Any member who was in good standing at the time of his death is entitled to a Masonic funeral if he or his family requests it. Such a request should be made to the Master of his Lodge who will make the necessary arrangements with the family, the mortuary, and the minister.
A service is authorized by the jurisdiction in which you are located, and consists of participation at the mortuary, the beginning at the mortuary and the closing at the graveside, or graveside only. Pallbearers will be furnished at the request of the family.
In general, the Lodge will do as much or as little as the nearest relative wishes it to do.
Contacting the Lodge is not a difficult matter. The Lodge Secretary's name appears on all dues cards. If you are unable to contact the Secretary when needed, a call or letter to the Grand Secretary, John E. Anagnostis, Masonic Temple, 415 Congress Street, Portland, Maine 04010, will provide the information.
In the event our member becomes ill, we want to know. Again, the same method of notifying us can be used as explained above. In the past, members have fallen ill without our knowing it and their loved ones have been displeased with us for a seeming act of disregard, then in fact we have been unaware of the problem. Your Mason has joined an organization who wants to assist him when in need, and we need your help to do it.
lodges meet in regular monthly sessions and on such other days as are necessary to conduct its business and ritualistic work. While every Mason's attendance is solicited, it is not intended that a Lodge should interfere with one's regular vocation or duty to family, God or country.
Your Mason has invested time and money in joining our order and for years to come will be paying annual dues. He can best receive all that is his by frequently participating in deliberations and events. We hope that you will approve and encourage him to attend regularly, and we hope that you, will join us whenever possible.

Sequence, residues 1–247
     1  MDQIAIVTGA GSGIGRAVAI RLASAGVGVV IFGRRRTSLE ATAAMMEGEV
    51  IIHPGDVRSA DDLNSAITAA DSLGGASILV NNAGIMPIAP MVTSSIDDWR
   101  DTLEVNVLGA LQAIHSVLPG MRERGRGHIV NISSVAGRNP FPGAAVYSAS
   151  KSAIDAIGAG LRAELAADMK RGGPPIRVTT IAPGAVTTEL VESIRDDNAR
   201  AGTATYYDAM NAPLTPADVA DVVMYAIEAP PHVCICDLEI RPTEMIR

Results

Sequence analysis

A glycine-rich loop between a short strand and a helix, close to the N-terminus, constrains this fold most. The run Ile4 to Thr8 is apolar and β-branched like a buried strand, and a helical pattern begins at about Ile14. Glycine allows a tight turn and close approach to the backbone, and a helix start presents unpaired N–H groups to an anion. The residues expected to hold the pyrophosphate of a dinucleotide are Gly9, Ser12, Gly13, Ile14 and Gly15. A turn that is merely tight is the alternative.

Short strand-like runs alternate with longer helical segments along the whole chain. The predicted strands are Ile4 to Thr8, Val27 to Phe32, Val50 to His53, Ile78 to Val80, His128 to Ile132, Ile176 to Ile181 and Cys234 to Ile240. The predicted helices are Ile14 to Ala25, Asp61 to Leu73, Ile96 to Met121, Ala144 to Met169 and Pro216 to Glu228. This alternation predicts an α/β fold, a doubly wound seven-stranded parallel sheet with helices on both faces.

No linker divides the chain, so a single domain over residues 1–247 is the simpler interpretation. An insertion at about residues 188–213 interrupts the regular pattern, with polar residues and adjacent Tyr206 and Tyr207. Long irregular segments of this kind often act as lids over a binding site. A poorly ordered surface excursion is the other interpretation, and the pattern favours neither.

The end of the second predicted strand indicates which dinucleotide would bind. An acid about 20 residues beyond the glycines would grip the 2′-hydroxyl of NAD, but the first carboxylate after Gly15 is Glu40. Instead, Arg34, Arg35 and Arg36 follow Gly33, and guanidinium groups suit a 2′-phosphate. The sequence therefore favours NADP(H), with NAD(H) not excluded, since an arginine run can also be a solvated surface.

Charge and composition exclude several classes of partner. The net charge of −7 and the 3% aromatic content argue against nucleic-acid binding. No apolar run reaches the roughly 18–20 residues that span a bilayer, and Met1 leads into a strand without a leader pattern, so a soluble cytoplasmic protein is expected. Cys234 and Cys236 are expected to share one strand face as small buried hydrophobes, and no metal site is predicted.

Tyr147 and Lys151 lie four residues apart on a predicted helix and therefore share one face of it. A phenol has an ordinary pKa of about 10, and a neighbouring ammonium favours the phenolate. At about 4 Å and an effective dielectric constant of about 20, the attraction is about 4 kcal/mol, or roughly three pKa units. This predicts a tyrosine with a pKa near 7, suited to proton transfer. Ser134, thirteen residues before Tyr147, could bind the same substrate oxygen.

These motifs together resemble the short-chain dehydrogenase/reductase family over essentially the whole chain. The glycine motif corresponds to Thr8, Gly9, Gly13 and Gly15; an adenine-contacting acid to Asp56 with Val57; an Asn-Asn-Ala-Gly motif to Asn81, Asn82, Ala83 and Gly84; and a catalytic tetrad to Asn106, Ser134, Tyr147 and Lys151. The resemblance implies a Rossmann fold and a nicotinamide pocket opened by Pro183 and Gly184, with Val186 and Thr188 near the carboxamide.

In the years to come, it is reasonable to assume that at some time while you are accompanying your Mason, someone will address him as "Brother." Brother is neither a sentimental nor familiar form of address, but is a title, a distinction and an honor, indicating that he has been recognized by another Mason.
Brother is a title dating back to ancient times and is used in place of Mister or a similar title to which one is entitled by virtue of his station in life. In Masonry, all men are equal, as no man is regarded for his worldly wealth or honor, and all distinctions are cast away.
There are several groups to which ladies related to Master Masons may apply for membership if they desire. But this is entirely optional. If there are children in the family, they may find interests in Masonic-oriented youth groups whose teachings of patriotism and love of family will, we are sure, be pleasing to you.
Across the nation is a network of Masonic Service Association Officers. If, while traveling, dire need of aid should arise, consult the telephone directory of a major city for the number. If none is listed, a local Lodge will be able to make connections for you.
The Grand Lodge has established a blood bank and you and your Mason are protected, should the need arise. You are both encouraged to support this program whenever possible. The gift of blood is called the gift of life.
We hope you have found this information helpful, and that it will assist you in better understanding your Mason's role in life. We urge you to save it as a reference whenever questions arise.